Donald Trump: American Political Tradition
FYS 019 (CRN 6964)
Laura Porter
TR 12:30-1:45 p.m.

The presidential candidacy of businessman and reality TV star Donald Trump has defied the expectations of scholars and pundits alike. His bombastic and so-called politically incorrect style has rapidly galvanized an angry, alienated, and little-understood segment of American society, even as it has alarmed others all across the political spectrum. Observers have searched for explanations of his success in past examples of nationalistic, authoritarian, nativist and racist political movements—the most common being European fascism. Yet we have yet to see whether “Trumpism” conforms to such foreign templates, harkens to longtime impulses in the American political tradition or breaks these molds entirely.

This course will approach Trump’s 2016 candidacy as an exercise in thinking about contemporary politics in historical context. Students will consider what is old and new about Trump’s policy platform, his rhetoric and tactics, the media’s reaction, his defiance of ideological conservatism and the GOP establishment, and the political behavior of his constituency—all while using American history as a guidepost. In their readings, class discussions, and written assignments, students will learn to reason critically about American politics, build arguments about political phenomena, and consider bigger questions about the insights (and potential perils) of using history as a lens for understanding the political present and future.

Building an Olympian
FYS 020 (CRN 6507)
Meredith Lutrell
MW 12:30-1:45 p.m.

Elite athletic performance pushes the limits of human physiology, and athletes have been celebrated in both ancient and modern societies, dating back to the ancient Olympic games. What does it take to become an elite athlete? What are the limits to human athletic performance? In this FYS course, we will examine the interaction between environmental and inherited factors that contribute to athletic success. We will critically assess this classic “nature versus nurture” paradigm in the context of athletic performance. The ethical, biomedical, and societal impact of conducting scientific research on the environmental and inherited factors contributing to elite athletic performance will also be explored. The fundamental aspects of athletic performance (speed, endurance, power, strength, agility, coordination) will be examined in the context of physiology, trainability, and heritability.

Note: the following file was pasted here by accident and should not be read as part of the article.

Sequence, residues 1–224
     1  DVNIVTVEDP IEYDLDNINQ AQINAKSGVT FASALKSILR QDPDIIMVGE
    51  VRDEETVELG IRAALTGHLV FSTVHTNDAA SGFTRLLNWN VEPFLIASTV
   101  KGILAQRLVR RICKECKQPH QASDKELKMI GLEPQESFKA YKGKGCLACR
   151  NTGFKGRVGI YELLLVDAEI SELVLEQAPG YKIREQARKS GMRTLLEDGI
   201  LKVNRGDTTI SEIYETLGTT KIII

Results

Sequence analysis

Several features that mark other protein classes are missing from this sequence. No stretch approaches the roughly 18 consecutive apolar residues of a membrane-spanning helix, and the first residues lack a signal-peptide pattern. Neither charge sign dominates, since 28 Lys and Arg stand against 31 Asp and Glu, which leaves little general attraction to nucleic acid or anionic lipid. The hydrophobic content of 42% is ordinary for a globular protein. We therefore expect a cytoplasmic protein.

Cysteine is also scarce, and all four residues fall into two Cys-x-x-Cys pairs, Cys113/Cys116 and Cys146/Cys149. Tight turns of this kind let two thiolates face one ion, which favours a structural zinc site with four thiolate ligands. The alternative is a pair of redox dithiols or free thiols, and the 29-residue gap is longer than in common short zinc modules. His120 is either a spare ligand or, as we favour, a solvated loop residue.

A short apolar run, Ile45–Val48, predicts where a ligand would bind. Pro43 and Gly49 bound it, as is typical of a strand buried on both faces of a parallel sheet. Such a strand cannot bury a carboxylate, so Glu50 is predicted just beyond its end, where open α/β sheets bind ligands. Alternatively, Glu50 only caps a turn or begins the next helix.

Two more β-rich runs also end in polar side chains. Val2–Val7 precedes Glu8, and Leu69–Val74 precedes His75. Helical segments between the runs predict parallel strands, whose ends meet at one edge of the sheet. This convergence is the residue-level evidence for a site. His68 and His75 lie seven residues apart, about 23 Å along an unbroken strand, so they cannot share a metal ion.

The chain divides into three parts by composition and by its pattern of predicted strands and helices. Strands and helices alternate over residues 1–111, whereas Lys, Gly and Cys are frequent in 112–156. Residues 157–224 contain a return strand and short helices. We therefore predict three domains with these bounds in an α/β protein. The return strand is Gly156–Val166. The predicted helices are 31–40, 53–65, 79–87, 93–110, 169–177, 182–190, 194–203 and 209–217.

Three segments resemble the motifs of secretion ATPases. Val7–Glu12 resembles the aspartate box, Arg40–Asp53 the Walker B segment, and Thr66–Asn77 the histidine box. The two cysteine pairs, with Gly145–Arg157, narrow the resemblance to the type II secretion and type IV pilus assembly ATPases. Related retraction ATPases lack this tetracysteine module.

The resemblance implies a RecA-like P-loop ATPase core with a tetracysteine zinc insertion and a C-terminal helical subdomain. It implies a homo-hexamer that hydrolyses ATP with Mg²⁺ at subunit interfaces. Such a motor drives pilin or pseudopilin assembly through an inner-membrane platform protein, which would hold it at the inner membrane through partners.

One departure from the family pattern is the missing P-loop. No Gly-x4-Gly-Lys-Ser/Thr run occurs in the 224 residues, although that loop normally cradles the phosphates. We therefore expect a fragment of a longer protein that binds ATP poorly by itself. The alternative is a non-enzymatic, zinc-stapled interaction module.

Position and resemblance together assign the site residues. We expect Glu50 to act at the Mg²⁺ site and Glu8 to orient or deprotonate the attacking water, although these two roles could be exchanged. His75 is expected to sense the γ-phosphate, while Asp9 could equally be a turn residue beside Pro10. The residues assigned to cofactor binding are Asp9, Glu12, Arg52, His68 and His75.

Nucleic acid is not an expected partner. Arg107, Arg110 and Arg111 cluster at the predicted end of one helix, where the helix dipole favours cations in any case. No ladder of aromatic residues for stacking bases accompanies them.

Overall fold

Students will engage with this material in independent readings, small group discussions, and laboratory exercises. Students also will regularly be engaged in different types of writing, including reflections based on their own experiences, interpretation of scientific and popular literature, and articulating and defending logical, sound arguments about relevant issues.

Why Music?
FYS 022 (CRN 6995)
Grady McGrannahan
TR 12:30-1:45 p.m.

Do humans require music? Should humans create music, and if so, how? Should humans listen to all types of music? How would one define musical preference? Why would one take on a career in music? Does music serve a purpose in today’s 21st-Century lifestyle? Why music?

FYS – “Why Music?” will explore the sociological, educational, professional, psychological, physiological, and cognitive properties of music. This seminar is not exclusive to music majors, but will serve as an introductory study of the many properties of music to facilitate the learning outcomes of critical thinking, written communication, and information literacy.

Make a Difference: Transform Yourself through Service Learning
FYS 023 (CRN 7582)
Sally Beisser
TR 3:30-4:45 p.m.